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Crunch time for local hoops teams

St John's D'Angelo Harrison races toward the basket

St John's D'Angelo Harrison races toward the basket against Marquette. (Feb. 1, 2014) Credit: Patrick E. McCarthy

It's almost crunch time for local hoops teams trying to make a run for the NCAA Tournament.  Here’s a quick breakdown on which of our locals has a shot at the post season.

Hofstra (8-20, 4-9 CAA; RPI - 286): A 20-loss season is not a good thing under any circumstances. That said, Hofstra could pose a threat to one of the higher seeds in the CAA tournament. With two big scorers in Zeke Upshaw and Dion Nesmith, the Pride has the ability to play with most teams, as evidenced in an 81-77 loss to Delaware on Wednesday night. In their first meeting with the Blue Hens, the Pride fell, 86-79. There is also a blowout win over third-place William & Mary and two narrow defeats to Drexel Hofstra can point to as reasons for hope. It would take a Herculean effort for Hofstra to win the CAA tourney, but winning a game or two is not out of the question.

St. John’s (18-9, 8-6 Big East; RPI - 54): St. John’s has transformed itself from a disappointment into a possible NCAA lock. Six straight conference wins can do that. The Red Storm isn’t completely out of the woods, though. They still have four conference games left, including a Saturday tilt at No. 9 Villanova. Taking three of their last four and winning at least two games in the Big East tournament might be enough to earn Steve Lavin his second big as St. John’s coach. It’s worth noting that St. John’s will be without its top post defender in Chris Obekpa for at least the next eight to 10 days.

Stony Brook (19-8, 11-2 America East; RPI - 180): It looks like it will be another year and another 20-plus win season for the Seawolves. Stony Brook controls its own destiny as far as the NIT is concerned. If the Seawvoles win out, they will secure their fifth America East league title in six years. That gets them an automatic bid to the NIT. But we all know Stony Brook wants to make its first trip to the NCAA as a Division I program. Can it happen? Of course. The Seawolves play great defense (as usual) and have a rotation full of players who can score. There is some question about depth at point guard, though.

AAC – Rutgers (4-9, 10-16; RPI - 190): Sorry Scarlet Knights fans, your swan song as you bolt the AAC for the Big Ten will not include an NCAA Tournament appearance.

Atlantic 10 – Fordham (2-9, 9-15; RPI - 187): A 7-4 start was followed by a complete fall by the Rams. Although the Atlantic 10 invites all teams to the conference tournament, Fordham will need to climb Mount Everest to win it.

Big East – Seton Hall (13-12, 4-8; RPI - 131): Even in a somewhat diminished Big East there is nothing doing for Seton Hall this year.

 IVY – Columbia (15-10, 4-4; RPI - 159), Princeton (14-7, 2-5; RPI - 140): Both the Lions and the Tigers are mathematically in the IVY race. But it would take a serious run over the second half of their Ivy schedules to catch first-place Harvard (20-4, 7-1). On paper they both have a chance. Realistically, not even close.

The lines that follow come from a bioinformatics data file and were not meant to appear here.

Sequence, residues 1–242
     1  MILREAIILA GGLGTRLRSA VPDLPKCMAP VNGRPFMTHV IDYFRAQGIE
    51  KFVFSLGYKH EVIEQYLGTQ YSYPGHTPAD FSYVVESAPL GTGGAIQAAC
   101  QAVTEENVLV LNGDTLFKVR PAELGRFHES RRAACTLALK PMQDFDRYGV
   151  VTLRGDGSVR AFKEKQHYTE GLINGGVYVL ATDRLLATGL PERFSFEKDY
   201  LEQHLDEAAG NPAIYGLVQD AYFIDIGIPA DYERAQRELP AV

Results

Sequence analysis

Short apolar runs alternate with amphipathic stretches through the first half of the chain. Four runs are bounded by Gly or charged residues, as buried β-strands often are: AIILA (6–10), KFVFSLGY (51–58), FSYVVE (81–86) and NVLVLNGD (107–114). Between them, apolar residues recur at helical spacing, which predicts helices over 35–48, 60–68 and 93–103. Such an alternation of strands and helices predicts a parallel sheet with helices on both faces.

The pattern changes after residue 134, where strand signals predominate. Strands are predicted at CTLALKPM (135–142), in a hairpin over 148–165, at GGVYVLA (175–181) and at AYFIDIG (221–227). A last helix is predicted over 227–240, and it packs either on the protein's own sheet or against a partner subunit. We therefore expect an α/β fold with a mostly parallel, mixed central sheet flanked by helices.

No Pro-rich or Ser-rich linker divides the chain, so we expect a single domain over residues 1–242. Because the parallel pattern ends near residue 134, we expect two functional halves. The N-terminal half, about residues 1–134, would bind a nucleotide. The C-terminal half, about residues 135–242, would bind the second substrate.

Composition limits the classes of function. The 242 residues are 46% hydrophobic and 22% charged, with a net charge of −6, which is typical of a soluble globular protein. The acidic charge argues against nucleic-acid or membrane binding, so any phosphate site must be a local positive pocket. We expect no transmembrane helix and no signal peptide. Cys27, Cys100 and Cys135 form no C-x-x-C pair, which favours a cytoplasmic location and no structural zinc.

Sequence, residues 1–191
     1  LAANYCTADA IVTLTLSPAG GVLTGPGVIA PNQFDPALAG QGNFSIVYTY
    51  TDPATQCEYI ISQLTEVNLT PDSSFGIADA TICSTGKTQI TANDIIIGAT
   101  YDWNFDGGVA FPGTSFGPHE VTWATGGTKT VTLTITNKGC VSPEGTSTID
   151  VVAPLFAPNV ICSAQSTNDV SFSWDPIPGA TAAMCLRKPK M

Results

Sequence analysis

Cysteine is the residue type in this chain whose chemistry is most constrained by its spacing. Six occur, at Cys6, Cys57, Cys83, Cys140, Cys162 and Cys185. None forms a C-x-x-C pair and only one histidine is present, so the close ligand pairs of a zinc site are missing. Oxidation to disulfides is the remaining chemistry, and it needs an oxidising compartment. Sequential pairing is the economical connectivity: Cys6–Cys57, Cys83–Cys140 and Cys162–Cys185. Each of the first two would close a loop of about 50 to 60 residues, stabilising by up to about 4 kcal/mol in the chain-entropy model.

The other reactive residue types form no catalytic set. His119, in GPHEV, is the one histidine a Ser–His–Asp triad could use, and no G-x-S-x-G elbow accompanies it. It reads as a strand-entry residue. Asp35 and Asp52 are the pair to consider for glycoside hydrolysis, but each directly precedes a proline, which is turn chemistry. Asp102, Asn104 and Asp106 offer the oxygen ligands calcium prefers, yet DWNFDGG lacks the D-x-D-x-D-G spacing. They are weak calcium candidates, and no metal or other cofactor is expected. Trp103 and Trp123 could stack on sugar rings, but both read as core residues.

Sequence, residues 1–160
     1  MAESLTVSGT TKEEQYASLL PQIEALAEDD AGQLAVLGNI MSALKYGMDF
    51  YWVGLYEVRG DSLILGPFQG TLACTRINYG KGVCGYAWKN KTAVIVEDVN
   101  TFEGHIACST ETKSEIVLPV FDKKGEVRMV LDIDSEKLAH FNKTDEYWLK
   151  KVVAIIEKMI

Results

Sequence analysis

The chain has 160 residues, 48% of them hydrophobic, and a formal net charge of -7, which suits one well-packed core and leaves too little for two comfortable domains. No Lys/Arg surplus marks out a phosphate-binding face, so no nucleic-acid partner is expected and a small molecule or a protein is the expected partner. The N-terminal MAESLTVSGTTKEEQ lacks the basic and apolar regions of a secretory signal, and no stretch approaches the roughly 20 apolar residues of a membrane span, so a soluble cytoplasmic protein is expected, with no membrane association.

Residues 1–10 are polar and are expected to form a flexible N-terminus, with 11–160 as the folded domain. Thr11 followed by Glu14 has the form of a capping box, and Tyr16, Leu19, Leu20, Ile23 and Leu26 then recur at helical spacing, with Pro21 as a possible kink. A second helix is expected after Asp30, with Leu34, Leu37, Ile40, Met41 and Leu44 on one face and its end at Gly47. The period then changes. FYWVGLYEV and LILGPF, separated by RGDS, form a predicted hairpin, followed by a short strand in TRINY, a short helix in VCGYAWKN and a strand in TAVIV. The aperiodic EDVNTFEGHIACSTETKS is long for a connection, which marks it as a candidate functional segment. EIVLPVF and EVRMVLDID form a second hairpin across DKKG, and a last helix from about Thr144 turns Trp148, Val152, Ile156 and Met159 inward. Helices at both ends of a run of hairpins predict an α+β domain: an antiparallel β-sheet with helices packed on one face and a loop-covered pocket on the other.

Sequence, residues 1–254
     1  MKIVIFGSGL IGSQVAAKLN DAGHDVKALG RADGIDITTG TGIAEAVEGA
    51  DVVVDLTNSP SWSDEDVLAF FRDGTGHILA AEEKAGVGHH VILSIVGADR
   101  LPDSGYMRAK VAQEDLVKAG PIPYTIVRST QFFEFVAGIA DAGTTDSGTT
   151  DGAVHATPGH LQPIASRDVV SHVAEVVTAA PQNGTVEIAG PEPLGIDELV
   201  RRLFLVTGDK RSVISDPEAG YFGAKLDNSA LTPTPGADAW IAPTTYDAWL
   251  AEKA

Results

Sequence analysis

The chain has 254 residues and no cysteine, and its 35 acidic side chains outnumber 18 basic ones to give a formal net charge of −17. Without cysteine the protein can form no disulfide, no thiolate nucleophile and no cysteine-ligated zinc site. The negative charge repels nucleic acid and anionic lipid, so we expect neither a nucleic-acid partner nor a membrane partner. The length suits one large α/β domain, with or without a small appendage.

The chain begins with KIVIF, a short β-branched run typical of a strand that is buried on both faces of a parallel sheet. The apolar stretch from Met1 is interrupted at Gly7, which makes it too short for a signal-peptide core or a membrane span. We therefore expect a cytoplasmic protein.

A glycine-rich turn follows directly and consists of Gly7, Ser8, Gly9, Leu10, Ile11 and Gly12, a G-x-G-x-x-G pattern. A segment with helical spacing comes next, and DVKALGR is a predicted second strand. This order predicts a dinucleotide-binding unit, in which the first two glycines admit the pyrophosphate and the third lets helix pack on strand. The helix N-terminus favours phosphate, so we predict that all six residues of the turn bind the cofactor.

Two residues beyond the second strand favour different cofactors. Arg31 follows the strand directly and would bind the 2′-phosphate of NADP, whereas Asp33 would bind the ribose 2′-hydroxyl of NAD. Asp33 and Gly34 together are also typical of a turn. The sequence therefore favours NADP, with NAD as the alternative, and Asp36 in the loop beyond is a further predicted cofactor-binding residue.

MAAC – Iona (17-8, 14-2; RPI - 86): Tim Cluess has done it again. The Gaels won’t earn an at-large bid if they fall short of winning the MAAC Tournament, but they will be an extremely tough out. Manhattan (20-6, 13-4; RPI - 87): The Jaspers hit a lull midseason, dropping three of four during one stretch. But George Beamon is back to 100 percent and the team, winners of six straight, is on a roll. Unfortunately as it goes with mid-majors that don’t have a signature win, the Jaspers must win the MAAC to make the NCAA Tournament. Quinnipiac (17-8, 12-4; RPI - 93): Not a bad season for a newcomer to the league. Quinnipiac is on fire. But like Manhattan and Iona, they need to win the MAAC for an NCAA bid. Rider (13-12, 9-7; RPI - 182); Marist (11-15, 8-8; RPI - 207); St. Peter’s (9-16, 5-11; RPI - 238); Fairfield (5-22, 2-14; RPI - 292); Monmouth (10-18, 4-13; RPI – 273): Giant-killer is about all you can expect from Rider, Marist, St. Peter’s, Fairfield and Monmouth.

NEC – Wagner (13-11, 7-4; RPI - 233): Wagner has played well the second half of the season and proved it will be a threat after a four-point loss to Robert Morris on Jan. 25 and an uplifting 12-point win over Bryant last week. St. Francis (15-12, 6-6; RPI - 204): The Terriers looked like a threat to challenge for the NEC title earlier this season. But suspensions of key support players like Westbury’s Sheldon Hagigal and Shirley’s Anthony White could derail any chance they have of making a tournament run. LIU Brooklyn (8-16, 3-8; RPI - 288): LIU’s hopes for a fourth straight NCAA Tournament appearance are not likely to come to fruition. When Julian Boyd (2012 NEC Player of the Year) tore his ACL for the second time last summer, the hope was he would return by Jan. of this year. But he tore the ACL for a third time in Dec., ending any hopes of a return. A healthy Boyd, along with NCAA assists-leader Jason Brickman (10.1 apg) and a solid frontcourt duo of E.J. Reed (12.2) and Landon Atterberry (12), would’ve given the Blackbirds a chance at a tournament run. FDU (8-17, 4-7; RPI - 285); Sacred Heart (4-22, 1-10; RPI - 339): No real need to talk about FDU or Sacred Heart’s chances at anything.

Patriot League – Army (13-13, 9-6): The Black Knights, after a 6-1 start in league play, have lost five of their last eight and are beginning to fade.   

Independents – NJIT (12-15): There’s no light at the end of tunnel for NJIT since the Highlanders are not affiliated with a conference. But they did start the season 6-4, posting wins over Army, New Hampshire, Main (twice), Lafayette and UMass-Lowell. The message: NJIT is ready to join a conference.


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